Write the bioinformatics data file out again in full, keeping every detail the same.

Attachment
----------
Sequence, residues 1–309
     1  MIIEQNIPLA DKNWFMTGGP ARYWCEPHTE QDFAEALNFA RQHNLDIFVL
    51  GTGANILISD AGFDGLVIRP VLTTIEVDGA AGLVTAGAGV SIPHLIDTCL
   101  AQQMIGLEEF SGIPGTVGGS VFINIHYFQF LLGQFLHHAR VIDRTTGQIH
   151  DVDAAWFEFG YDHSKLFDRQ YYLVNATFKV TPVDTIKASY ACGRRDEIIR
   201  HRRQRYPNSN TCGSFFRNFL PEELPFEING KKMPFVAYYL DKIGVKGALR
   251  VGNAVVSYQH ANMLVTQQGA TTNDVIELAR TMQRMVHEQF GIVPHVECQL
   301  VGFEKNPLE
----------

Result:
Sequence, residues 1–309
     1  MIIEQNIPLA DKNWFMTGGP ARYWCEPHTE QDFAEALNFA RQHNLDIFVL
    51  GTGANILISD AGFDGLVIRP VLTTIEVDGA AGLVTAGAGV SIPHLIDTCL
   101  AQQMIGLEEF SGIPGTVGGS VFINIHYFQF LLGQFLHHAR VIDRTTGQIH
   151  DVDAAWFEFG YDHSKLFDRQ YYLVNATFKV TPVDTIKASY ACGRRDEIIR
   201  HRRQRYPNSN TCGSFFRNFL PEELPFEING KKMPFVAYYL DKIGVKGALR
   251  VGNAVVSYQH ANMLVTQQGA TTNDVIELAR TMQRMVHEQF GIVPHVECQL
   301  VGFEKNPLE